:: Business versus bigotry, aka ‘religious freedom’
by David Hoppe
It’s been heartening, if hardly unexpected, to see Scott McCorkle, the CEO of Salesforce Marketing Cloud, a major high-tech company, come out against the Indiana General Assembly’s latest attempt to cancel the 21st Century, also known as the “Religious Freedom” bill.
Based in San Francisco, Salesforce acquired Indianapolis’ ExactTarget in 2013, for $2.5 billion, building a bridge between Indy and the world capital of high-tech. Talk about a win-win. If the deal was great for Salesforce, it was eye-blinkingly brilliant in terms of Indy’s overall economic development strategy.
It’s as though our state legislature has this gnawing need to remind everyone, everywhere that Indianapolis is still part of Indiana. Indy gets carried away sometimes and, well, it’s lucky we have a bunch of lawfakers available to act like hall monitors.
They keep Indy from getting too uppity.
In a letter addressed to the General Assembly, McCorkle wrote: “Our success is fundamentally based on our ability to attract and retain the best and most diverse pool of highly skilled employees, regardless of gender, religious affiliation, ethnicity or sexual orientation.”
He goes on to say the proposed law is discriminatory and threatens to put a damper on Salesforce’s ability to hire the highly skilled employees his business needs. The kind of employees who are readily available, say, in San Francisco.
McCorkle speaks plainly — a good practice under any circumstances but, when addressing our state legislators, downright essential. What he calls “the lack of clarity” in the bill, “hurts the business community and the connections that a successful region and state need to continue progress in a competitive environment. Without an open business environment that welcomes all residents and visitors, Salesforce will be unable to continue building on its tradition of marketing innovation in Indianapolis.”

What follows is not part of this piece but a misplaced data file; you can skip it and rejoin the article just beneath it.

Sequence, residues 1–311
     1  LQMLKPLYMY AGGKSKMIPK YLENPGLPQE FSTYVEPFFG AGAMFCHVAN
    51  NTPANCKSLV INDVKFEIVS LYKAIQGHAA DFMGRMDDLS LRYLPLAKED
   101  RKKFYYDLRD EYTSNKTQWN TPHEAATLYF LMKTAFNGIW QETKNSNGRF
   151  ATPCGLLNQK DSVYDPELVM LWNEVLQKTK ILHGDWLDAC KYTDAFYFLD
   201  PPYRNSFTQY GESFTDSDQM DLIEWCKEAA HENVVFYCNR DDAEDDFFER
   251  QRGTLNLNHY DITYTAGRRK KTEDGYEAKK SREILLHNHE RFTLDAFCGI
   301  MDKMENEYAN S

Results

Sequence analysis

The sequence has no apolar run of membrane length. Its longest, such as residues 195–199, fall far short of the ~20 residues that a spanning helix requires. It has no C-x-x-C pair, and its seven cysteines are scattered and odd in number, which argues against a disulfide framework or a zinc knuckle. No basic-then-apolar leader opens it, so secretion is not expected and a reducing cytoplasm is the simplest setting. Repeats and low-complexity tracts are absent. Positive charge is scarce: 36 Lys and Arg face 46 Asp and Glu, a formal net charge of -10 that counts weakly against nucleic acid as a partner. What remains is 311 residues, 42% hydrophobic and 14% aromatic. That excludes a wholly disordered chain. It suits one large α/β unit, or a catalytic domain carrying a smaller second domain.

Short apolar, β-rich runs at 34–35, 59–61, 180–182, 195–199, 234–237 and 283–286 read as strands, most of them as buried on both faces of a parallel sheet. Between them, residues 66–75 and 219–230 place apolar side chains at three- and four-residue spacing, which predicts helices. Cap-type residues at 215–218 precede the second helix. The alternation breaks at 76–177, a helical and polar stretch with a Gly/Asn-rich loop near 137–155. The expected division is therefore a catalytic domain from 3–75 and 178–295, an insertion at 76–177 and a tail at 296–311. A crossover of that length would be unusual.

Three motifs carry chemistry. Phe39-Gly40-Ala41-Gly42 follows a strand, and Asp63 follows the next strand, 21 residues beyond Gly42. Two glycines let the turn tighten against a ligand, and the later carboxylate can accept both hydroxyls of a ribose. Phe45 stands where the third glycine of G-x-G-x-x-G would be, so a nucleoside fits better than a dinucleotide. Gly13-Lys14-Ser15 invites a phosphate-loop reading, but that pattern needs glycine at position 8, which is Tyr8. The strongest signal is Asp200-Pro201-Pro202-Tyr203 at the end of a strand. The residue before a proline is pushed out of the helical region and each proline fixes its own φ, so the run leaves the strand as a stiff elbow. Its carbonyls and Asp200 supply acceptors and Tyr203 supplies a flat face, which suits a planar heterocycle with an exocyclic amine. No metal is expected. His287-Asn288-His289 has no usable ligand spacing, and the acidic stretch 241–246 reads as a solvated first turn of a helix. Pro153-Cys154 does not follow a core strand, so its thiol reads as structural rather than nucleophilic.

McCorkle is no fool. He can all-too-easily imagine what’s going to happen when a new Salesforce hire walks into a local pharmacy and is denied access to contraception because the person behind the counter thinks selling such stuff is sinful.
First, that Salesforce person is going to think, “That’s weird.” Then they’re likely to ask themselves: “What the hell am I doing here?”
They’ll start looking for work elsewhere.
And Indianapolis can kiss its hopes of becoming a high-tech destination good-bye.
I applaud McCorkle for writing such a blunt letter. It’s clear this is an important issue to him — and to his business. He’s not alone. The Indy Chamber of Commerce has already expressed its disapproval of Senate Bill 101, as has Cummins Engine. One hopes that all this corporate firepower might give the Republican business-lovers in the General Assembly a shiver or two.
But whether that happens or not, what I really hope is that someday we’ll have the kind of state legislature that’s capable of rejecting a bigoted bill like this on its face. Not because it’s bad for business, but because it’s wrong to officially slice and dice our society into friends and foes.
That, however, is going to take awhile.